The tidal shift of military fortune in 1982, when Iranian forces expelled the Iraqis and invaded Iraq, nearing Basra, and Damascus cut off the Banias pipeline, could not have come at a worse time for the Kuwaiti elite. First, loans to Baghdad had to be increased to make up for Iraq’s lost oil exports, while the fighting in southern Iraq drastically increased the costs of shipping, transportation and insurance for traffic moving in and out of Kuwait’s ports. Direct and accurate measures are difficult to obtain, but the available data show that the value of Kuwait’s non-oil exports (mostly, at this time, re-exports to Iraq) plunged by over 40 percent between 1980 and 1985.  Under threat of Iranian shelling, shipping and port facilities suffered as non-Kuwaiti lines shifted to the southern Gulf, where Dubai and the other city-states of the United Arab Emirates promised safe harbors and repair shops.  Second, and unrelated to the war, the Souq al-Manakh, a quasi-legal stock market trading in shares of offshore companies and powered by postdated checks, crashed in August 1982 when some poor fellow decided to cash one of the checks. This crash was far more serious than the downturn in the official stock market in the late 1970s and remains the largest dip in the history of the Gulf.
The billions in debt claims emerging from the crash amounted to 17 times the value of Kuwait’s foreign cash reserves. The fallout threatened not only the country’s entire banking system, since the postdated checks were drawn from local banks, but also the strategies of rule traditionally pursued by the Al Sabah. While the Souq al-Manakh was in business and everyone was jumping in, the market offered the ruling family an easy way to enrich a growing stratum of new merchants to counter-balance the traditional merchant opposition. Hence, it is not difficult to understand why state officials looked the other way as the gray-market trading took off and ignored warnings of impending collapse. Eventually, the thousands of postdated checks bouncing around the country piled up into a byzantine load of debt that landed atop nearly every socio-political group, including elements of the ruling family. It was no longer feasible for the Al Sabah to ensure political mastery by setting one group of ambitious up-and-comers against another.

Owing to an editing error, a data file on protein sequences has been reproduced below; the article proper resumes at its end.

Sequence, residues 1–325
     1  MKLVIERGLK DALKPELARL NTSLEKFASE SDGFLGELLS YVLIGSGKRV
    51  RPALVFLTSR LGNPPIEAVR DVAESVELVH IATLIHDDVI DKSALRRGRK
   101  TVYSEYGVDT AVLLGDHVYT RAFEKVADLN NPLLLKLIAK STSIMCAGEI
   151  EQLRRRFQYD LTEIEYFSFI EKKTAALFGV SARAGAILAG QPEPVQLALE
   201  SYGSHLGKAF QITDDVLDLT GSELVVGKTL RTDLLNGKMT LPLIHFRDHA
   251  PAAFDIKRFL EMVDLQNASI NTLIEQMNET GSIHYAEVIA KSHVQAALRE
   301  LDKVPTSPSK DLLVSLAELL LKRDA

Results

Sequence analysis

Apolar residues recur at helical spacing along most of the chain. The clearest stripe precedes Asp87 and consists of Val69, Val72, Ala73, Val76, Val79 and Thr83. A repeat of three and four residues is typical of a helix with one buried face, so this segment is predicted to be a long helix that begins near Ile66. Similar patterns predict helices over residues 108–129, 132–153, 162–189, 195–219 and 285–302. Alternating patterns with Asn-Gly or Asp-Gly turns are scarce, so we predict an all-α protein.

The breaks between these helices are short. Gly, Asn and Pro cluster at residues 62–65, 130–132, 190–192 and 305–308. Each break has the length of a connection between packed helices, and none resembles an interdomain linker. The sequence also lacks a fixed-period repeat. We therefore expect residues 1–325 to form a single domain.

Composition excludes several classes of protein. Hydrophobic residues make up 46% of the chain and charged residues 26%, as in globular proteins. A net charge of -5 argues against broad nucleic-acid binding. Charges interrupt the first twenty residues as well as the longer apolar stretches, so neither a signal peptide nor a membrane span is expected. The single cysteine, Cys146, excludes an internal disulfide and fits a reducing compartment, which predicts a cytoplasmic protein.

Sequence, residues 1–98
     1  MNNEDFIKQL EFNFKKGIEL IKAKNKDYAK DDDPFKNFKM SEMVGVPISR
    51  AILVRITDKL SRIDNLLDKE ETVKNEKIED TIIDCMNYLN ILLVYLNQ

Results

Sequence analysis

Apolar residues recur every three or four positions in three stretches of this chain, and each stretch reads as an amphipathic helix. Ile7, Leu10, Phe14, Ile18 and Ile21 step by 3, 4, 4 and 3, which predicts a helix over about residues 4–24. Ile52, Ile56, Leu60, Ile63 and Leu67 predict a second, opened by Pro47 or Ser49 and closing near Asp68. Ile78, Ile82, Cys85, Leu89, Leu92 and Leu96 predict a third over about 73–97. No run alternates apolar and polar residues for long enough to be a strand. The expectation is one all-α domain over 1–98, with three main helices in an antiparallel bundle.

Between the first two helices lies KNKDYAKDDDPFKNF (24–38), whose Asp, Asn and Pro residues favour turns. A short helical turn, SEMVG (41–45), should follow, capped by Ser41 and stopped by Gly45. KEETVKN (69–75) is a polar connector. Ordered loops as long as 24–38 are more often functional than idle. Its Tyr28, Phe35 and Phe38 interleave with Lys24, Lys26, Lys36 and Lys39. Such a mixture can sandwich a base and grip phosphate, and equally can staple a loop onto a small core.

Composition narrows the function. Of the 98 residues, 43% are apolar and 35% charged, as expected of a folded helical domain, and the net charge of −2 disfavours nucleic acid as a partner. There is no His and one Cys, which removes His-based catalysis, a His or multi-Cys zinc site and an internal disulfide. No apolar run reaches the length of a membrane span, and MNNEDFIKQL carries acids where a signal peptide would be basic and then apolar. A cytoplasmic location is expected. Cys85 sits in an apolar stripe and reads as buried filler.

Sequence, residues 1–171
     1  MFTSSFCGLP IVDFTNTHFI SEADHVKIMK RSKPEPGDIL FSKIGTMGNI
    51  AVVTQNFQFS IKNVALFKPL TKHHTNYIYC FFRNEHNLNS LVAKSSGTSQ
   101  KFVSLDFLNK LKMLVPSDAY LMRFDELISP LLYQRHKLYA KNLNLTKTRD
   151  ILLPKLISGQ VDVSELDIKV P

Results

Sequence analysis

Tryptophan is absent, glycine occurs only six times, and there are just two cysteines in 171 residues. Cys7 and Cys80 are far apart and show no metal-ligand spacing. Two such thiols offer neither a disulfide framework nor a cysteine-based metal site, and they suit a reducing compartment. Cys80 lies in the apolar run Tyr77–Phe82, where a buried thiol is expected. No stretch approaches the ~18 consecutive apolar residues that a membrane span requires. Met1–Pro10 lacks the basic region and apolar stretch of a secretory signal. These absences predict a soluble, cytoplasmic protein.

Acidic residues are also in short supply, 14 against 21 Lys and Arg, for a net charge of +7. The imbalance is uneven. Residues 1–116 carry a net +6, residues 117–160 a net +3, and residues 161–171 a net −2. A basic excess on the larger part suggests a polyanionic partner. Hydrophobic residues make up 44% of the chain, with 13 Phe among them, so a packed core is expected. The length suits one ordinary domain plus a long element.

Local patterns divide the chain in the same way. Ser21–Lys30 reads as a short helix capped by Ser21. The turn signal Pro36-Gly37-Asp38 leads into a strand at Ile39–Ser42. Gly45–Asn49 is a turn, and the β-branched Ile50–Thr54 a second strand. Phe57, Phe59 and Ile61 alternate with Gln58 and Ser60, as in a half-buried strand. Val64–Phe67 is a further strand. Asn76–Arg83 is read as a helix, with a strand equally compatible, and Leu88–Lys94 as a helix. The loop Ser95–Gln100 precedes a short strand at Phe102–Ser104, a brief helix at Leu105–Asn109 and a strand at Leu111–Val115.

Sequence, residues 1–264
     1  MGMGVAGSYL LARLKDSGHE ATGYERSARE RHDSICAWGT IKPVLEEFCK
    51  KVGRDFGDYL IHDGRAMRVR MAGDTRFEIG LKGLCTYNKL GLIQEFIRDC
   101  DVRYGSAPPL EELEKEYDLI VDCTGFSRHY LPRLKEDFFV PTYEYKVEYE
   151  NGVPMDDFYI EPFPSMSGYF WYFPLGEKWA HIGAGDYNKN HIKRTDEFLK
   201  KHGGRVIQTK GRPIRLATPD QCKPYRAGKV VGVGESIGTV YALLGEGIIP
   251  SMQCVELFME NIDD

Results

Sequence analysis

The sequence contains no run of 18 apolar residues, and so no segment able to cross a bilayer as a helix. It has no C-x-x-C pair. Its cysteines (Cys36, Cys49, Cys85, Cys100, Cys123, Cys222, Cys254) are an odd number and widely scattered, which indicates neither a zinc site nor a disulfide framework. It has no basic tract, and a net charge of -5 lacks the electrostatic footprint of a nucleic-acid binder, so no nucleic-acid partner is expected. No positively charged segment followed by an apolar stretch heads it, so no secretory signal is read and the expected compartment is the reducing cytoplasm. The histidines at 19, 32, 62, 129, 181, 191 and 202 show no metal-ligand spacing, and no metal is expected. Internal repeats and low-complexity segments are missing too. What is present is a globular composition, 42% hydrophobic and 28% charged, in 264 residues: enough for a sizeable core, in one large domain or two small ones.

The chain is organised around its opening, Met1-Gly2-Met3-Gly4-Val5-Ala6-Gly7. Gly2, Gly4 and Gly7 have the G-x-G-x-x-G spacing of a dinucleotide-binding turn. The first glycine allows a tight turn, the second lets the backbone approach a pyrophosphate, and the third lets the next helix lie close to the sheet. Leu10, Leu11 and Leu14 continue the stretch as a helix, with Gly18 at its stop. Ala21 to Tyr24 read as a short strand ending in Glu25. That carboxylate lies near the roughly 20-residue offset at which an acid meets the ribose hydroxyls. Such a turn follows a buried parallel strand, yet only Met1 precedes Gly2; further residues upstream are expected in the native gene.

As the war dragged on, Parliament was preoccupied with trying to hammer out consensus legislation to adjudicate repayment of the debts, in what was proving to be Kuwait’s most wrenching public debate to date. Combined with the decline in oil prices, the Souq al-Manakh fiasco caused Kuwait to run public deficits for the first time in its history. The press kept up a daily drumbeat of outrage as the foundational myth picturing Kuwaitis as hardy dhow traders turned shrewd businessmen vanished forever. The suspension of Parliament in 1986 and the ensuing press crackdown are commonly attributed to the café bombings in 1985, perpetrated by militants of the Iraqi Da‘wa Party seeking vengeance for Kuwaiti support of Saddam Hussein’s regime, and an assassination attempt on the emir. But the suspension and crackdown conveniently allowed the remaining scheming over debt resolution to take place out of the glaring public eye. Final resolution was still years away, but the suspension of Parliament ensured that the largest, politically favored debtors would be paid off, while the smaller would pay.
If the turn in the war hollowed out potholes for Kuwait, Jordan’s ride was much smoother, at least at first. The trade and infrastructure agreements reached before the war were quickly implemented, and studded with addenda, allowing ‘Aqaba to gain from Kuwait’s loss. In 1983, the tonnage of materiel passing through ‘Aqaba (reported under the rubric of “Other Exports and Transit” in Jordanian statistics, a special designation for goods destined for Iraq) jumped by 86 percent, continuing to rise in subsequent years.  By war’s end, Iraq would absorb close to 50 percent of Jordan’s total exports, protocol trade agreements would reach into the hundreds of millions of dollars and a quarter of all oil refined in Jordan would come from Iraq.